As the forth part in the article series on project management – I’ve listed the most common points to include when writing a project proposal. The first part covered some general advice – this piece focus on the details.
Bare in mind that sometimes less or more are required, depending on the complexity of your assignment, how many companies that are involved in creating the work for your customer and the size of the actual project scope – i.e the work in it’s entirety that you are doing.
A list of common sections with points to include in a project proposal
Short introduction that covers:
- The background to the request and short to the point why your skills/services are compatible with producing the solution.
Scope of work
- Purpose of work i.e what problems does this solve for your customer – what is the end goal you are working with the client to achieve?
- What is included and what is not
- General assumptions – to verify with your customer (this is useful when you haven’t got all the details and you can list all your assumptions and go through these with your customer)
Simplified project plan and process
- A preliminary time plan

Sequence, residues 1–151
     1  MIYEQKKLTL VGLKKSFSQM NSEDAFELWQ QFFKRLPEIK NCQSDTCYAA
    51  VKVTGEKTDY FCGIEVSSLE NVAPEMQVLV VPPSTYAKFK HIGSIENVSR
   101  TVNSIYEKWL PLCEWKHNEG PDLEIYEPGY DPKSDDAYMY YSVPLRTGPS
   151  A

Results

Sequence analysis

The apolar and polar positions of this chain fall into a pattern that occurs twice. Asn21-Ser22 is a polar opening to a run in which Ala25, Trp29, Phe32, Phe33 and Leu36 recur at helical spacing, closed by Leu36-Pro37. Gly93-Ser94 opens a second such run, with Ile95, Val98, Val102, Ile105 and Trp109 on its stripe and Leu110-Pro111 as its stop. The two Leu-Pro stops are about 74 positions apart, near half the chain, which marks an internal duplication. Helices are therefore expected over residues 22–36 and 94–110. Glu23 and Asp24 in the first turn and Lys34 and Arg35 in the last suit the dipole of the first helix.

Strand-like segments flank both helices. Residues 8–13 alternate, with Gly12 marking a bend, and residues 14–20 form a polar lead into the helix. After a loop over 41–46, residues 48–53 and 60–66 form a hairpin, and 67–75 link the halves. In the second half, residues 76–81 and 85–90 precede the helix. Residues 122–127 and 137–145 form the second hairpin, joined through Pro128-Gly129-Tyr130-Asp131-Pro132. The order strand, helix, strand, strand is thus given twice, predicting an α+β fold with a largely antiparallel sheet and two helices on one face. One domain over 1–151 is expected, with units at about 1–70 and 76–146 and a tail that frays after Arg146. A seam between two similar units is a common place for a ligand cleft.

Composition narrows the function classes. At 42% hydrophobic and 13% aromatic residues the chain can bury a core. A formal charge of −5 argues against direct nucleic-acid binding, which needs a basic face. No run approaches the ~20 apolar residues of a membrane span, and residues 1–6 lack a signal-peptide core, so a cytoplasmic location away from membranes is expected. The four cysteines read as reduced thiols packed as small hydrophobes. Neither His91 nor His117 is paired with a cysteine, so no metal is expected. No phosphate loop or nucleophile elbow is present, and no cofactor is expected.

- Who is responsible for which tasks between you and the customer
- Any deliverable needed from the customer with deadline (and what is affected if they are not delivered to you)
The end deliverable
- What is it?
- When will it be delivered and how?
- What will it be delivered as?
- Will your project be broken down to different phases? if so what is included in each phase? and when is the deadline for each phase?
- When will you perform which task?
- Who is responsible?
- What and when does the client need to deliver feedback or assets? what do they need to deliver? (involve your client in this step)
- Any meetings?
- Any crucial review points?
- The final deadline
- Can you identify any risk to the project and time plan? what can potentially effect the project? what may the potential outcome be if the s*it hits the famous fan?
- Either as grand total or breakdown per task/deliverable or based on how you operate
Terms and conditions
- Any delimitations (what is not included – and what will incur extra costs)
- What is out of scope
- Any confidential information in this proposal
- Payment details and how and when you will invoice
- What will happen if the customer does not pay?
- What happens if the customer asks for revisions after certain points?
The next steps to for you to start working with the project
- Deliver feedback within x day to be able to execute on the suggested time plan (good idea to include in time plan to make this more obvious)
- State that when the agreement is accepted equals that your project will project start (if that is the case)
Don’t forget the nitty gritty – aka the details
- Organizational numbers etc
- Contact details for responsible parties both at your and your customers office